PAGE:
Governor candidates are on separate tracks

September 17, 2014|By Michael Dresser | The Baltimore Sun

Anthony G. Brown brightens as he talks about building large transportation projects — including two light rail lines worth a combined $5 billion. To the Democratic nominee for governor, they are a key to creating jobs and stimulating Maryland's economy.

His Republican opponent, Larry Hogan, has ice in his voice as he vows to block construction of Baltimore's Red Line and the Purple Line in the Washington suburbs. The GOP candidate sees the mass transit projects as expensive boondoggles that would use money that should be spent on fixing roads.

Brown and Hogan are "polar opposites" on transportation issues as they vie for the support of Maryland voters, notes Donald F. Norris, chairman of the public policy department at the University of Maryland, Baltimore County. Their divergent views matter because Maryland's governor has the budgetary authority to decide whether a major transportation project goes forward — or not.

"Voters have got a really, really clear choice in this election," Norris said.

The question of what to do about transit is just the most glaring of many disagreements between the two over strategies to relieve traffic congestion and get moms and dads home in time to catch their kids' soccer games.

"Probably one of the biggest failings of the O'Malley-Brown administration has been transportation," Hogan says.

"I don't think Larry Hogan understands what it means to invest in infrastructure," says Brown.

The debate over transportation comes as Maryland finds itself flush with funds for the first time in many years as a result of the General Assembly's decision in 2013 to raise Maryland's gas tax for the first time since 1992. The added revenue has allowed the state to move forward with projects that had been stalled for years for lack of revenue.

The two candidates running to succeed Gov. Martin O'Malley in the Nov. 4 election offer starkly different narratives about recent state history that shape their views on transportation issues.

To Hogan, the state's transportation program is in dire straits and its roads are crumbling because O'Malley, a Democrat, "robbed" the state's transportation trust fund of $1 billion instead of making cuts in the general fund to balance the budget.

"They drained all the money out of transportation for eight years," Hogan said. That, he contends, is why the administration felt compelled to raise gas taxes.

"We don't think there should have been the need for a gas tax increase in the first place," the Republican said. He added, without quite promising, that he would be "looking to roll that back as much as we possibly can" once the economy improves.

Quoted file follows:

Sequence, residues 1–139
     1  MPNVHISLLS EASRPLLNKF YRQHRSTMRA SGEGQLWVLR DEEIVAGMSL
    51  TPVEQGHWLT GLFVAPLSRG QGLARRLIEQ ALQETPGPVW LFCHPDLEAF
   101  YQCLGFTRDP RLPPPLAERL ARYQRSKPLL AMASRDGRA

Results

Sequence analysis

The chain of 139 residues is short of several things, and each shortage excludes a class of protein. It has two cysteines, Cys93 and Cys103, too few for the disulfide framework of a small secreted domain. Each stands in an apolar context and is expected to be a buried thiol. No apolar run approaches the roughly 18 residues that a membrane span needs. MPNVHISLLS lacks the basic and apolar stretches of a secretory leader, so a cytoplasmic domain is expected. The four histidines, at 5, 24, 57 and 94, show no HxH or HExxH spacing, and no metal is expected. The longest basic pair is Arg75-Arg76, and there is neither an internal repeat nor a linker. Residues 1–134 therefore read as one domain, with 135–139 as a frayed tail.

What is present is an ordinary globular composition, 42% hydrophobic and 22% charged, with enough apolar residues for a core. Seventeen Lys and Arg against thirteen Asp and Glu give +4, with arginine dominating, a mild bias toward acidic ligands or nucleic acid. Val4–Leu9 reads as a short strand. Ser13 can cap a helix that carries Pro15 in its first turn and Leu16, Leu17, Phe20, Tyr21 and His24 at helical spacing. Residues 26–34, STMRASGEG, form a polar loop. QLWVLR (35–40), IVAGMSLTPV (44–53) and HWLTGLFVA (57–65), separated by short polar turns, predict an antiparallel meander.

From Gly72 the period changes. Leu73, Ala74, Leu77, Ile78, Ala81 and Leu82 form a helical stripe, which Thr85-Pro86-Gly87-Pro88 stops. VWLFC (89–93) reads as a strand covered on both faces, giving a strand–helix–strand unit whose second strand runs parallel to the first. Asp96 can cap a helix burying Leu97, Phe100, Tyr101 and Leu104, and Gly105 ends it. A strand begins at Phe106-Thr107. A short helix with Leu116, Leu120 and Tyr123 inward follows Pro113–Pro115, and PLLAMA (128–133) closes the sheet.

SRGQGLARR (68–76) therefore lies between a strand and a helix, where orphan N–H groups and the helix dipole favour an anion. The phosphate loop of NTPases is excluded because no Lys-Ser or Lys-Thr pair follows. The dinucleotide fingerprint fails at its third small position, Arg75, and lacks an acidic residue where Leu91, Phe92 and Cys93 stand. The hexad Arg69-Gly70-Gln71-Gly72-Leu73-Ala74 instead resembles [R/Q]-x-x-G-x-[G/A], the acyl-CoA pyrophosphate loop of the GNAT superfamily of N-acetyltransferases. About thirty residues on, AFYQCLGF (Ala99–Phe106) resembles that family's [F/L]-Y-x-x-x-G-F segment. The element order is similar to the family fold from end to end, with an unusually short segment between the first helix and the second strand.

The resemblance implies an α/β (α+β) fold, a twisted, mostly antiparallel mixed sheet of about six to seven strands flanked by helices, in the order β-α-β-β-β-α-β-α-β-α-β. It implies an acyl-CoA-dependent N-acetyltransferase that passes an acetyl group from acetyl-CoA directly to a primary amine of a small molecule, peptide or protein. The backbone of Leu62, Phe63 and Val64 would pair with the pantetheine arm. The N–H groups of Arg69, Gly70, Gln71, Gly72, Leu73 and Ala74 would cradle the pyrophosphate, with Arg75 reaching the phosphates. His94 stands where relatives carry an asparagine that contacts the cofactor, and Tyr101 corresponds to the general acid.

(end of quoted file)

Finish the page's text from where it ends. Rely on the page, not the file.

Hogan vowed a "shift in priorities" if he is elected.

"We're going to focus on building roads, and that's something this administration has not done," Hogan said. He also promises to immediately restore some $400 million a year in what's known as "highway user revenue" — state aid to local governments to pay for such basic projects as fixing potholes and repaving worn streets. Such aid to the counties was slashed by more than 90 percent during the recession, though some has been restored in recent years.

Unlike Republican Gov. Robert L. Ehrlich Jr., who campaigned on a since-fulfilled pledge to build the Intercounty Connector in the Washington suburbs, Hogan isn't running with any mega-projects on his mind.

"We're actually going to focus on getting the small, more important projects done," he said.

Apart from canceling construction of the Red Line and Purple Line, Hogan said the gas tax rollback, an increase in state road projects and the resumption of local aid can be accomplished without drastic cuts in existing transit services. For instance, he said he has no plans to undertake a restructuring of Baltimore's bus routes — a controversial cost-saving initiative launched by the Ehrlich administration, in which Hogan served as appointments secretary for four years.

Hogan said he had no role in transportation policy under Ehrlich. He said he disagreed with Ehrlich's decision to divert hundreds of millions of dollars from the transportation trust fund to close budget shortfalls in 2003 and 2004.

Warren Deschenaux, chief analyst for the General Assembly's nonpartisan Department of Legislative Services, disputes Hogan's characterization of the diversion of funds as robbery.

"It was done by act of the General Assembly in full view of God and his creatures," Deschenaux said. He said the legislature's reduction of highway-user funding for local governments was a philosophical decision made under the pressure of the recession.

"We can't afford to keep doing that, so we stopped," Deschenaux said. The gas tax increase, he said, was a response to the increased cost of maintaining the transportation network — not any transfer of funds. The money diverted from state transportation projects was later repaid, Deschenaux said.

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